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CS276B Text Information Retrieval, Mining, and Exploitation. Lecture 14 Text Mining III: QA systems March 4, 2003 (includes slides borrowed from ISI, Nicholas Kushmerick) . Question Answering from text. An idea originating from the IR community

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cs276b text information retrieval mining and exploitation

CS276BText Information Retrieval, Mining, and Exploitation

Lecture 14

Text Mining III: QA systems

March 4, 2003

(includes slides borrowed from ISI, Nicholas Kushmerick)

question answering from text
Question Answering from text
  • An idea originating from the IR community
  • With massive collections of full-text documents, simply finding relevant documents is of limited use: we want answers from textbases
  • QA: give the user a (short) answer to their question, perhaps supported by evidence.
  • The common person’s view? [From a novel]
    • “I like the Internet. Really, I do. Any time I need a piece of shareware or I want to find out the weather in Bogota … I’m the first guy to get the modem humming. But as a source of information, it sucks. You got a billion pieces of data, struggling to be heard and seen and downloaded, and anything I want to know seems to get trampled underfoot in the crowd.”
      • M. Marshall. The Straw Men. HarperCollins Publishers, 2002.
people want to ask questions
People want to ask questions…

Examples from AltaVista query log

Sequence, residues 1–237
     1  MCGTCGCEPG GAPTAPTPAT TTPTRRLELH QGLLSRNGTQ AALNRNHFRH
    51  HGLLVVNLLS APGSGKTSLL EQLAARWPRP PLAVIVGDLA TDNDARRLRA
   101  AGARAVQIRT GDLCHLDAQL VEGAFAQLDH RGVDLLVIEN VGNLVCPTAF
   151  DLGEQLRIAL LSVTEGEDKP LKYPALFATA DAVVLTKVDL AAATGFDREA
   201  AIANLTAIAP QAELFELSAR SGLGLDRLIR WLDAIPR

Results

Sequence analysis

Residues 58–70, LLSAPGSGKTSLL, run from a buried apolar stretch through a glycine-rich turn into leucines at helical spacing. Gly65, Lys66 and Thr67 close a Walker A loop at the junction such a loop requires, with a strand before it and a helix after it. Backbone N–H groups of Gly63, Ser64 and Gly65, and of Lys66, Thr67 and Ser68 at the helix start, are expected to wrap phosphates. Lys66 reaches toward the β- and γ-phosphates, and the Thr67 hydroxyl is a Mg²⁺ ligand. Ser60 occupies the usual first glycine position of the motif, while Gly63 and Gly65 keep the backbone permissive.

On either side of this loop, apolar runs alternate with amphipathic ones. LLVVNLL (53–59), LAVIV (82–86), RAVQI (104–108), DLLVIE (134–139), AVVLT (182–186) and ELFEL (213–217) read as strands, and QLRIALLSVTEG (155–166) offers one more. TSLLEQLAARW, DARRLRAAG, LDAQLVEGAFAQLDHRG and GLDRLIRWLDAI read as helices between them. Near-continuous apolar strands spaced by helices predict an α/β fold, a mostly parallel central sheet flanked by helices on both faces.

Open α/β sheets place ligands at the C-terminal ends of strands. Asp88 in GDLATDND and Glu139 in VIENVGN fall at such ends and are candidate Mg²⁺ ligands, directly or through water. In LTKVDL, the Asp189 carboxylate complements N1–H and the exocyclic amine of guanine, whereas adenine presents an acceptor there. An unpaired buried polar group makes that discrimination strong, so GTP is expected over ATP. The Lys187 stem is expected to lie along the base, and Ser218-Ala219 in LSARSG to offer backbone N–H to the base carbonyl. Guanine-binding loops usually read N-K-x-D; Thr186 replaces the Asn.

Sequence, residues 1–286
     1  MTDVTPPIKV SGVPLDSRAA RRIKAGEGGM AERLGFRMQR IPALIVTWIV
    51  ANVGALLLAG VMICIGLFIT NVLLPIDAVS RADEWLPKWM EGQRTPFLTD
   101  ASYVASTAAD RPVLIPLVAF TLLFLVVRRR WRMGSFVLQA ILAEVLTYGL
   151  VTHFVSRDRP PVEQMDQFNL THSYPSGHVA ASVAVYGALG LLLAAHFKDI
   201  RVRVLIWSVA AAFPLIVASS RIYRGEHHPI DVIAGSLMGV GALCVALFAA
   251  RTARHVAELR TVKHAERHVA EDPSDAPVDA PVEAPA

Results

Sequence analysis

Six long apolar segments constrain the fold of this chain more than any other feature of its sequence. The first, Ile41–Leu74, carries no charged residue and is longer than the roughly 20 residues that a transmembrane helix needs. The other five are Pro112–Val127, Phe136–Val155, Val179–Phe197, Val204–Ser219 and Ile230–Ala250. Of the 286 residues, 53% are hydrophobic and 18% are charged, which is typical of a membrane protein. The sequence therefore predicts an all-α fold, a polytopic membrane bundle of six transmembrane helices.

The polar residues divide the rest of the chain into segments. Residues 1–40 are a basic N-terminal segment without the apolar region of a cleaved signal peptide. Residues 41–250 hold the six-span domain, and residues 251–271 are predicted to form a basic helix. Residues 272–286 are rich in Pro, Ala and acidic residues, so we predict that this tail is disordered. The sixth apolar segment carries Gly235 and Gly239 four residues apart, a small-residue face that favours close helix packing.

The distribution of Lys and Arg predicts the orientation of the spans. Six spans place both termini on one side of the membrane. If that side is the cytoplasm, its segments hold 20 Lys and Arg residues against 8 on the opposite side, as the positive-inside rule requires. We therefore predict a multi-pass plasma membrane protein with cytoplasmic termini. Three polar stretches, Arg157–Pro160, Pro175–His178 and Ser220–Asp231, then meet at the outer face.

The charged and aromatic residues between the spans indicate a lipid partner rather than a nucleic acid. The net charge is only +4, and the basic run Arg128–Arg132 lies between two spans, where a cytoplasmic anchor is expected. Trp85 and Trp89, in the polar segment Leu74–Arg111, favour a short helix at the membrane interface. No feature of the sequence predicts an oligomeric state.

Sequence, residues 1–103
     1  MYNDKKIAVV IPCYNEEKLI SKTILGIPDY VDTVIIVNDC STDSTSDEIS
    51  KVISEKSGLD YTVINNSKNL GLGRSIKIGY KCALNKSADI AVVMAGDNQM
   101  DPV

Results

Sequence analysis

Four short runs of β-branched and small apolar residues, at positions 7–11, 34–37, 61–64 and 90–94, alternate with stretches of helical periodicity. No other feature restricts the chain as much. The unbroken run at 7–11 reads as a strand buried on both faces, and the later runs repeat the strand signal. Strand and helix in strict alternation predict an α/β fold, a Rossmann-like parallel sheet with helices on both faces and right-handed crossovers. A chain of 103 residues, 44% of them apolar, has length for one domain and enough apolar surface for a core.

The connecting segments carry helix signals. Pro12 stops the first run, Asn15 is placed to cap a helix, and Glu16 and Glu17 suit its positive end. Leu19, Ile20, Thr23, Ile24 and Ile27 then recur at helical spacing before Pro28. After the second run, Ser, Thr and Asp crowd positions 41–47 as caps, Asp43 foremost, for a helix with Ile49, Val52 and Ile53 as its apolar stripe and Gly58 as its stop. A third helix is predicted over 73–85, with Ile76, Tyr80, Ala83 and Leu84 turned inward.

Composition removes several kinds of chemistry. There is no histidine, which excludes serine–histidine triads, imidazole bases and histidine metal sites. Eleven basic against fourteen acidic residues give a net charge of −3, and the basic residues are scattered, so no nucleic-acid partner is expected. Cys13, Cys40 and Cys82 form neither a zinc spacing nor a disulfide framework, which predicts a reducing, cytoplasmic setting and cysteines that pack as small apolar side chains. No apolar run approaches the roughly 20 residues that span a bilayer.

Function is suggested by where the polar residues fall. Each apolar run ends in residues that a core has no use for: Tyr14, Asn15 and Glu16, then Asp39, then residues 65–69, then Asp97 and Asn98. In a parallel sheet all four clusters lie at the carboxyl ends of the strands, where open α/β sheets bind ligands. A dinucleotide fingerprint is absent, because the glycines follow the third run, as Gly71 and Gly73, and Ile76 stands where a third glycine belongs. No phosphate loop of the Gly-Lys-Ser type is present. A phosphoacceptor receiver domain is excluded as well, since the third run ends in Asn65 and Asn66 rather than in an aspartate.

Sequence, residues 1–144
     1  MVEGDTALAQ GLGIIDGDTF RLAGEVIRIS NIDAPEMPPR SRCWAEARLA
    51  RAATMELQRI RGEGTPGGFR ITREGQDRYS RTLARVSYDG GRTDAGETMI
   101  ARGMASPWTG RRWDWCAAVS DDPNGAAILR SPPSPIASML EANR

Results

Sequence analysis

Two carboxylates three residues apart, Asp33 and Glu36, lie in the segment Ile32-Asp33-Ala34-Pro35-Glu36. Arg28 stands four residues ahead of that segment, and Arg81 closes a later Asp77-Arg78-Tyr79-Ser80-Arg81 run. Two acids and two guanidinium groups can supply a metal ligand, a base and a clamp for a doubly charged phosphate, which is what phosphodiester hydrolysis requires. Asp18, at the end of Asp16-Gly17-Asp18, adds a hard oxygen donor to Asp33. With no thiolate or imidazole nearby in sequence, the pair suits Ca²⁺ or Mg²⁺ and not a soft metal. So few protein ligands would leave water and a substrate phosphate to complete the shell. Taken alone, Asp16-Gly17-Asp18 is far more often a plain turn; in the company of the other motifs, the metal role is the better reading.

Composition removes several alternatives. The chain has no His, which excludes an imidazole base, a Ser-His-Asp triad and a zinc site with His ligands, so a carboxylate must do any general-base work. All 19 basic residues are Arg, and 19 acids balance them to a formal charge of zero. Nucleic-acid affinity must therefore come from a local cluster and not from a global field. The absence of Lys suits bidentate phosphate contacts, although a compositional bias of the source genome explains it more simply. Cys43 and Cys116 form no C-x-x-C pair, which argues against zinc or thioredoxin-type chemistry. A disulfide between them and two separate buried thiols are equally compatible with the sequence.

who invented surf music?

how to make stink bombs

where are the snowdens of yesteryear?

which english translation of the bible is used in official catholic liturgies?

how to do clayart

how to copy psx

how tall is the sears tower?

Examples from Excite query log (12/1999)

how can i find someone in texas

where can i find information on puritan religion?

what are the 7 wonders of the world

how can i eliminate stress

What vacuum cleaner does Consumers Guide recommend

Around 12–15% of query logs

the google answer 1
The Google answer #1
  • Include question words etc. in your stop-list
  • Do standard IR
  • Sometimes this (sort of) works:
  • Question: Who was the prime minister of Australia during the Great Depression?
  • Answer: James Scullin (Labor) 1929–31.

Page about Curtin (WW II

Labor Prime Minister)

(Can deduce answer)

Page about Curtin (WW II

Labor Prime Minister)

(Lacks answer)

Page about Chifley

(Labor Prime Minister)

(Can deduce answer)

but often it doesn t
But often it doesn’t…
  • Question: How much money did IBM spend on advertising in 2002?
  • Answer: I dunno, but I’d like to … 

Lot of ads on

Google these days!

No relevant info

(Marketing firm page)

No relevant info

(Mag page on ad exec)

No relevant info

(Mag page on MS-IBM)

the google answer 2
The Google answer #2
  • Take the question and try to find it as a string on the web
  • Return the next sentence on that web page as the answer
  • Works brilliantly if this exact question appears as a FAQ question, etc.
  • Works lousily most of the time